Vintage Vinyl: How To Check Cheap Vinyl Records

The thing with hunting for vintage vinyl records is that, even if the record is in pristine looking condition without a scratch on it, there is still a chance it will skip. Unless you spend time examining records under a microscope, trust me I’ve seen it done, you take your chances when looking for old for vinyl records. If however the record is a great score from the 1950 – 1960s, with a few minor scratches, sometimes just buy it and hope for the best. Now if you had a sense of what to look for under these circumstances you’d be a lot better off, but we’ll talk about that later.

Vintage Vinyl, Gordon Lightfoot on vinyl.

Vintage Gordon Lightfoot on Vinyl – Songlist

I’ve learned a lot of tricks while hunting for vinyl records over the years and still once in a while I get caught with my pants down because I didn’t examine a record properly. This tends to happen when you discover several great vinyl scores all at once and the pile quickly grows, you begin to overlook things because you found so many and get distracted. The other day this happened, I had bought several great records from a bin at a Thrift Store for fifty cents each however when I got home, Gordon Lightfoot’s first album from 1966, the one I was wanted to listen to, had a surprise inside.

Vinyl came out wrong. Missing original vinyl.

Gordon Lightfoot Vinyl K-Tel Record – Fantastic Gordon Lightfoot. Wrong record.

I noticed the cover was a bit rough, to be expected if the record is from 1966, however as I pulled the vinyl out of the sleeve, as perfect as it looked, the sticker on the vinyl said “K-Tel: Gordon Lightfoot Favorites”, I must have forgotten to check this one. Oops. This type of thing happens when people put records back in the wrong sleeve and it can mess up your whole record collection. I was at least glad it was a Gordon Lightfoot record inside and not a Sesame Street record. That would be weird.

Just so the same thing doesn’t happen to you, I compiled a general list of what to watch out for. That way the next time you’re digging through dusty records, if you remember these rules of thumb you won’t be caught off guard like I was with Gordon Lightfoot:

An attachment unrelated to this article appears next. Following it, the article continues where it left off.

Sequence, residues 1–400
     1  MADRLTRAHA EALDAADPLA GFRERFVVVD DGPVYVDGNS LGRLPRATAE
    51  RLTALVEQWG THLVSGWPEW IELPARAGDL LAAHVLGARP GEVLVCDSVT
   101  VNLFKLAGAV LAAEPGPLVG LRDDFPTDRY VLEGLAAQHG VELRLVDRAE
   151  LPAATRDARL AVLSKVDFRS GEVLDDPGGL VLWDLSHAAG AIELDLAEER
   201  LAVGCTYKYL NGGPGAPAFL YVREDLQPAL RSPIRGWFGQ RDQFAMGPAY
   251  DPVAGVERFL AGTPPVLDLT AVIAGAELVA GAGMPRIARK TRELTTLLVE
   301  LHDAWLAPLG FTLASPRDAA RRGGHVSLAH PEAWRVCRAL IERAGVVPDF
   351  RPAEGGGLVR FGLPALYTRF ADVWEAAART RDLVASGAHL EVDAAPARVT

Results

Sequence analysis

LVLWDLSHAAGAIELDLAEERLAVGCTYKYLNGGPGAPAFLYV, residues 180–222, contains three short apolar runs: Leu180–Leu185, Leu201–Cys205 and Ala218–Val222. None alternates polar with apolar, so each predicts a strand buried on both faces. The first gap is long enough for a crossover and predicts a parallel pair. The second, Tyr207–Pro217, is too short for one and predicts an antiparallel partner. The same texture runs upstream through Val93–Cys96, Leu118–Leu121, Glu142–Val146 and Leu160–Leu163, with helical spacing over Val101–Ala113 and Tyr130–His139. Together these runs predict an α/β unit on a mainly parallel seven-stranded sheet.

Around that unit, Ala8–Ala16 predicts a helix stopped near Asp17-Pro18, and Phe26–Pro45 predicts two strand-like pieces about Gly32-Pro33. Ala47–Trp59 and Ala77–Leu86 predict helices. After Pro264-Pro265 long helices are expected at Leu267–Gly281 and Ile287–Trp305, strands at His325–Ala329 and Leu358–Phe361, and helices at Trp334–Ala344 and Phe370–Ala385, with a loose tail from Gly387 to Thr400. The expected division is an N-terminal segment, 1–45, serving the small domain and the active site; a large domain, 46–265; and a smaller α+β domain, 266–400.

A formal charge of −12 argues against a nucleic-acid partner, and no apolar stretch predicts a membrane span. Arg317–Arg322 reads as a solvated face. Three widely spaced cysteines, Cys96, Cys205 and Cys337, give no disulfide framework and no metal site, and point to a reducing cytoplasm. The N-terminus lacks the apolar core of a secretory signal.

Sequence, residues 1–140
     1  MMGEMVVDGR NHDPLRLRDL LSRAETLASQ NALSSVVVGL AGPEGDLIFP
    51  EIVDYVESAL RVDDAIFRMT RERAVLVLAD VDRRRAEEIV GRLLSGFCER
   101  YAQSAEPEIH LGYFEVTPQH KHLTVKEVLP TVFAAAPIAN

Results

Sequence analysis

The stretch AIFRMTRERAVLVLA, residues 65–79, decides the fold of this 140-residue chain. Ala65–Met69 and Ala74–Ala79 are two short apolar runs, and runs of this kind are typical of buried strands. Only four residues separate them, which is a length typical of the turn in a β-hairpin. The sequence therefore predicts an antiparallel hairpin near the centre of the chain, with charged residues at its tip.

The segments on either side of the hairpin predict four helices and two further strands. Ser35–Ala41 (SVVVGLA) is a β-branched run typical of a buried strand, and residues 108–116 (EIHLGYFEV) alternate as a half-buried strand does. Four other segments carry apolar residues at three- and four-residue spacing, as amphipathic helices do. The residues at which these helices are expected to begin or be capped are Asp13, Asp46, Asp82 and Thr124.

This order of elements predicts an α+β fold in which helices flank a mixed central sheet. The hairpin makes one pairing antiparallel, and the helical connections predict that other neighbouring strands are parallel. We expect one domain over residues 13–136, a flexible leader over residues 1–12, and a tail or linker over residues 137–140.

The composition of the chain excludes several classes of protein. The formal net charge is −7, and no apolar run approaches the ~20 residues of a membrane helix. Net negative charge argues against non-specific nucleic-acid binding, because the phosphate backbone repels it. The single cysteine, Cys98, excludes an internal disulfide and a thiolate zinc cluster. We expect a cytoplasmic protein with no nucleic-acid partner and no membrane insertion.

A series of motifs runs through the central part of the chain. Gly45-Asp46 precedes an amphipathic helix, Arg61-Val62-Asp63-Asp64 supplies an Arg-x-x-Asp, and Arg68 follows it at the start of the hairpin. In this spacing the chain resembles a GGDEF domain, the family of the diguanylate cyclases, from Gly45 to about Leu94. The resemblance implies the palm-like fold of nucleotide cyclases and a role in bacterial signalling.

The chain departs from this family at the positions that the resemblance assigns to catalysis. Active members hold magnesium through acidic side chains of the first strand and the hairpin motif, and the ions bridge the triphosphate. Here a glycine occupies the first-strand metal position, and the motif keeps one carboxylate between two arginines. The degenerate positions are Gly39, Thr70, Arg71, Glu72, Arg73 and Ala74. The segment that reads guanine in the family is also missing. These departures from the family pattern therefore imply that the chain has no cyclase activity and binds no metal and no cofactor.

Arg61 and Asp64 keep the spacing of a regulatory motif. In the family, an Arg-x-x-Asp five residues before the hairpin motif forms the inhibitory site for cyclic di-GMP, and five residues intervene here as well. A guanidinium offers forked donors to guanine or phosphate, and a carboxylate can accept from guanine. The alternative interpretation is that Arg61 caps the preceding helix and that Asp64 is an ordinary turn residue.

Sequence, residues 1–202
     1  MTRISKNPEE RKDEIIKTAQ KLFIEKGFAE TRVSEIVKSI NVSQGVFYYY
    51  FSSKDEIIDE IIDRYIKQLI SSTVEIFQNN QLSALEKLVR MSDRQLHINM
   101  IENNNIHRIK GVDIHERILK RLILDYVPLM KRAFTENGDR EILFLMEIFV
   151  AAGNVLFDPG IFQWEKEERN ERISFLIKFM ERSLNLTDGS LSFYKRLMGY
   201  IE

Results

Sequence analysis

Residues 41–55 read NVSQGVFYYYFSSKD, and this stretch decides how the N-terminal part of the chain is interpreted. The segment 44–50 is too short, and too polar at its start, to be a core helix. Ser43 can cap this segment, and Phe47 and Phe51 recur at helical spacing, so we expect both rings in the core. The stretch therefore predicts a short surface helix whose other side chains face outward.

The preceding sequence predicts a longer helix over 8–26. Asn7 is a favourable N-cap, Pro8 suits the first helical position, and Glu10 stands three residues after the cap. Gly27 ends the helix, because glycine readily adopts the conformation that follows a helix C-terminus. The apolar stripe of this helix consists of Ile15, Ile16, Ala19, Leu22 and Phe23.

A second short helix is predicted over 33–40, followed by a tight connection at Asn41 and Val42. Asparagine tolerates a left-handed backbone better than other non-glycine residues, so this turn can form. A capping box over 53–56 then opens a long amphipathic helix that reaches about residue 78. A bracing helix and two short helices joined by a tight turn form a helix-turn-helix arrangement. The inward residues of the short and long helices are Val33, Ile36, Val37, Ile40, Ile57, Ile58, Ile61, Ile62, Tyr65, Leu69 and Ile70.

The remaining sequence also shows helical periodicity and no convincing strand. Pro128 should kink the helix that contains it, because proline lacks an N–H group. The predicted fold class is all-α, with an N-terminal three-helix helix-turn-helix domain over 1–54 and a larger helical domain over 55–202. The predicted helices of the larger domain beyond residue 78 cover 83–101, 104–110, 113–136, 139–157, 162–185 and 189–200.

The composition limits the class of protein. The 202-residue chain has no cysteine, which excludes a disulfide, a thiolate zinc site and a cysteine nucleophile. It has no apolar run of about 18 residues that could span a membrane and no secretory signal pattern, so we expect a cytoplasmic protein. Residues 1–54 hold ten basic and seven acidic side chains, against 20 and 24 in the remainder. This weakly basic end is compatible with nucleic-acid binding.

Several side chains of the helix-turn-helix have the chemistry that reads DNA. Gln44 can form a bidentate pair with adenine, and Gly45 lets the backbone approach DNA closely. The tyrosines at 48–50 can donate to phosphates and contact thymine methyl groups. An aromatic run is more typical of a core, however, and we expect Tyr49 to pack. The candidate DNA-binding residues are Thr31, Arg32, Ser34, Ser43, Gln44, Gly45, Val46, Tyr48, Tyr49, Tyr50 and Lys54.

1. Examine records in bright lighting. Most thrift stores have fluorescent lighting which is ideal for seeing scratches. If you are in a dark room however go look for a window or find a bright light so you can examine it in reflective light. Nothing worse than hearing that ‘POP’ when you get home.

2. Not all scratches will skip a record, some of them are just surface scratches. If the vinyl has a visible scratch, run your fingernail over it, if your nail catches there is a good chance it will ruin your needle when you play it, walk away – if it’s a score, this can be hard to do but don’t worry keep the faith, you are sure to find another one soon enough. If your fingernail doesn’t catch, there’s a good chance if you clean it it is simply a light surface scuff which is typically inaudible.

3. Be wary of records that don’t come with an internal dust-sleeve inside the cover. What tends to happen here is that dirt gets inside the cover accumulates over time because the record is completely exposed. These pieces of dirt get pressed into the vinyl itself causing bumps and scratches and each time the record shifts, more scratches again! Not a good thing and not a record you want to own, doesn’t matter how vintage the vinyl is. So be sure to examine the record thoroughly, if it doesn’t have a sleeve.

4. Check that the record is the right match for the cover – don’t get tricked like I did!

Keep an eye out for great vintage vinyl, if it has a scratch on it that’s bad however, you don’t want it. We know how painful this is when you find a great score to let it go, but keep on looking you are sure to find it again. And good luck finding that next vintage score!

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